```

#### squishMap#

NOTE: `squishMap`

is just like `concatMap`

from `Data.Foldable`

.

```
squishMap :: (a -> [b]) -> [a] -> [b]
squishMap _ [] = []
squishMap f (xs : xss) = f xs ++ squishMap f xss
--
-- λ> squishMap (\x -> [1, x, 3]) [2]
-- [1,2,3]
--
-- λ> squishMap (\x -> [x + 1]) [1, 2, 3]
-- [2,3,4]
--
```

Or reusing `squish`

and function composition with `map`

.
Point-free as the list parameter is not explicitly specified.

```
squishMap :: (a -> [b]) -> [a] -> [b]
squishMap f = squish . map f
```

To try to understand it better, look at this:

```
λ> map (\n -> [1, n, 3]) [2]
[[1,2,3]]
```

`map`

itself returns a list, and the lambda is returning a list of its own, thus the result the list returned by the lambda contained *inside* of the list returned by `map`

.
Then `squish`

flattens it to a single-level list.

#### squishAgain#

```
squishAgain :: [[a]] -> [a]
squishAgain = squishMap id
--
-- λ> squishAgain [[1], [2], [3]]
-- [1,2,3]
--
```

`id`

simply returns the argument given to it, and our `squishAgain`

is supposed to simply flatten a list of lists.
Because we are asked to use `squishMap`

which requires a function as its first arg, but we don’t want to transform each inner list in any way, we then simply give it `id`

.

#### myMaximumBy#

```
λ> import Data.Foldable (maximumBy)
λ> :type maximumBy
maximumBy :: Foldable t => (a -> a -> Ordering) -> t a -> a
λ> maximumBy compare []
*** Exception: maximumBy: empty structure
```

Note that `maximumBy`

is not defined for empty lists.

For now, we can consider `Folable t`

to be a *list of t* `[t]`

.

##### Solution 1#

```
myMaximumBy :: (a -> a -> Ordering) -> [a] -> a
myMaximumBy f xs = go f (tail xs) (head xs)
where
go :: (a -> a -> Ordering) -> [a] -> a -> a
go _ [] winner = winner
go fn (h : lst) winner =
case fn h winner of
GT -> go fn lst h
_ -> go fn lst winner
```

Using the *go* function pattern, start by considering the `head`

of the list to be the *maximum so far*, keep `go`

recurring with either the current *maximum so far* or the new *maximum* value.

##### Solution 2#

NOTE: There is a Discord thread on this solution.

```
myMaximumBy :: (a -> a -> Ordering) -> [a] -> a
myMaximumBy _ [x] = x
myMaximumBy f (x : xs) =
case f x g of
LT -> g
_ -> x
where g = myMaximumBy f xs
```

`g`

is the result of applying `myMaximumBy`

to `f`

and `xs`

, but here `xs`

is actually the tail of the list (because of `(x : xs)`

pattern matching).

It will build expressions up to a point where the list is composed of a single element, when it pattern matches on `_ [x]`

.
From there, it can finally “unwind” and evaluate the built expressions.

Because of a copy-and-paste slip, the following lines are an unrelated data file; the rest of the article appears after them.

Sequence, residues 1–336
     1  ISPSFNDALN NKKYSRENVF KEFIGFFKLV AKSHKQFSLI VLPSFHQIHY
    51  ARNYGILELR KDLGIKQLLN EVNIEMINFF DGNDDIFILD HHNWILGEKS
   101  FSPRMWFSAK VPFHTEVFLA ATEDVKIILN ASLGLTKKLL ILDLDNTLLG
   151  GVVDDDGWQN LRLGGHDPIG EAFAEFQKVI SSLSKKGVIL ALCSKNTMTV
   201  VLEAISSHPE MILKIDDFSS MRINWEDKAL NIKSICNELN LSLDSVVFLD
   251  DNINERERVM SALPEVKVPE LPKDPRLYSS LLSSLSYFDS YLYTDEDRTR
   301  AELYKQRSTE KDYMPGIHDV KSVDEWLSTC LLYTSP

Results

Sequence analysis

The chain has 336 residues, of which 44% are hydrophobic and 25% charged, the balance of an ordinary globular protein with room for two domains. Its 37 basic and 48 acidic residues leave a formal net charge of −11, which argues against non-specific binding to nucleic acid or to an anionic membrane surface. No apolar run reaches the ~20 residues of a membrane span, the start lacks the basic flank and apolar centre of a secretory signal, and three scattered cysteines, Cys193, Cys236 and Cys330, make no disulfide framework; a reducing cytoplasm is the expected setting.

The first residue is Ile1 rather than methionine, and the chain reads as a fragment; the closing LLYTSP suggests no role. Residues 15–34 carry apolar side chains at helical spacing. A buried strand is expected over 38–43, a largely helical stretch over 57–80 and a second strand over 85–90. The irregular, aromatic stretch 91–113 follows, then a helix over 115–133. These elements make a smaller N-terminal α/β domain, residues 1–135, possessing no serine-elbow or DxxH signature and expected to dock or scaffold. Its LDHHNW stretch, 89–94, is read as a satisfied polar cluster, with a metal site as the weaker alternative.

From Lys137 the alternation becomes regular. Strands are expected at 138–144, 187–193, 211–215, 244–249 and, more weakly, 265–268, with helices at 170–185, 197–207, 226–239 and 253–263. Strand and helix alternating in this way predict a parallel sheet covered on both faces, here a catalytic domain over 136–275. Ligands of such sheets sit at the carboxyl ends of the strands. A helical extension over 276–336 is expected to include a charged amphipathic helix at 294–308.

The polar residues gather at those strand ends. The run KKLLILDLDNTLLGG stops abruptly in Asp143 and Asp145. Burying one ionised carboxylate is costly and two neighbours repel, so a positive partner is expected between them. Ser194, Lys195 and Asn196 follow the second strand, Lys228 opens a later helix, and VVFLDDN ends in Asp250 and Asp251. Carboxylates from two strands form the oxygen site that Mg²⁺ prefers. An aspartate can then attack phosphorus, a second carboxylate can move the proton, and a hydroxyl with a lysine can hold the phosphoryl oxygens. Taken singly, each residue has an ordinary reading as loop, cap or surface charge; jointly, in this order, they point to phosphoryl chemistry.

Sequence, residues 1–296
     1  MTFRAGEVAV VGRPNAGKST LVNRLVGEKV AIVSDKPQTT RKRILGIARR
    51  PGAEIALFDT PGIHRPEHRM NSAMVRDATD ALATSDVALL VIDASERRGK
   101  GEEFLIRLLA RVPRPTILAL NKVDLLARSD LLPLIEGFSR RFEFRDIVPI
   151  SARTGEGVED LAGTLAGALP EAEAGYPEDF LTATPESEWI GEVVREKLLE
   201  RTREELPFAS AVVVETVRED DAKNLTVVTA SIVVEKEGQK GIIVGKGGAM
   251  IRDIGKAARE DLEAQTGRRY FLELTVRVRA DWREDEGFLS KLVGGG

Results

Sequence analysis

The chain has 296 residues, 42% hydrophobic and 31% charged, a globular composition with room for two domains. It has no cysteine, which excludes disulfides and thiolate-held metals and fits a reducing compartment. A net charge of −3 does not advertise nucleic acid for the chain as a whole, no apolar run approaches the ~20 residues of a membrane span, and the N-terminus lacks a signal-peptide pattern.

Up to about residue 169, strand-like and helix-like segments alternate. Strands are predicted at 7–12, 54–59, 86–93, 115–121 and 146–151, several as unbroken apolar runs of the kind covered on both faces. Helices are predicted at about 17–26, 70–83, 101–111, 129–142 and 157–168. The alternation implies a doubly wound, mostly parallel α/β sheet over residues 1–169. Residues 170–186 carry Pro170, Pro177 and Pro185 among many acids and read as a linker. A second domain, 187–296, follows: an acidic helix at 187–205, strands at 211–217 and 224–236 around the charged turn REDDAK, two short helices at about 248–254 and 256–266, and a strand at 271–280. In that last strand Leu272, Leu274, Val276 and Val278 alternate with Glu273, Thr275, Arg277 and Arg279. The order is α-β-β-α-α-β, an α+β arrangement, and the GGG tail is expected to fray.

And because of those things, it will actually compare backwards.

Let’s rename `myMaximumBy`

to `mmb`

, inline `g`

, rename `x`

and `xs`

to `h`

and `rest`

respectively, make `f`

an alias to `compare`

, and try to visualize what is going on.

```
mmb :: (a -> a -> Ordering) -> [a] -> a
mmb _ [n] = n
mmb f (h : rest) =
case f h (mmb f rest) of
LT -> mmb f rest
_ -> h
```

Apply `mmb`

to `f`

and `[3, 2, 4, 1]`

.

`h`

is 3 and `rest`

is `[2, 4, 1]`

.

```
mmb f (2 : [3, 4, 1])
case f 2 (mmb f [3, 4, 1]) of
LT -> mmb f [3, 4, 1]
_ -> 2
```

We yet don’t know what is the result of `case f 3 (mmb f [2, 4, 1]) of`

, so we have to evaluate it.

Our new `h`

is 3 and the new `rest`

is `[4, 1]`

.

```
mmb f (2 : [4, 1])
case f 2 (mmb f [4, 1]) of
LT -> mmb f [4, 1]
_ -> 2
```

We yet don’t know what is the result of `case f 2 (mmb f [4, 1]) of`

, so we have to evaluate it.

Our new `h`

is 4 and the new `rest`

is `[1]`

.

```
mmb f (4 : [1])
case f 4 (mmb f [1]) of
LT -> mmb f [1]
_ -> 4
```

At this point, we call `mmb f [1]`

, which will finally cause `_ [n]`

pattern to match, and return 1.
We finally have two numeric values to compare in `case of`

and start “unwinding” the expressions.

The `case ... of`

will now compare 4 and 1, and 4 is the winner.
Then 4 and 2, an 4 is still the winner.
Then 4 and 3, and 4 is still the winner.

What about we try with `[1, 5, 3, 4, 2]`

?
Remember our `case ... of`

:

```
case f h (mmb f rest) of
LT -> mmb f rest
_ -> h
```

Then:

```
case f 1 (mmb f [5, 3, 4, 2])
case f 5 (mmb f [3, 4, 2])
case f 3 (mmb f [4, 2])
case f 4 (mmb f [2])
case f 4 2 ⇒ 4
case f 3 4 ⇒ 4
case f 5 4 ⇒ 5
case f 1 5 ⇒ 5
```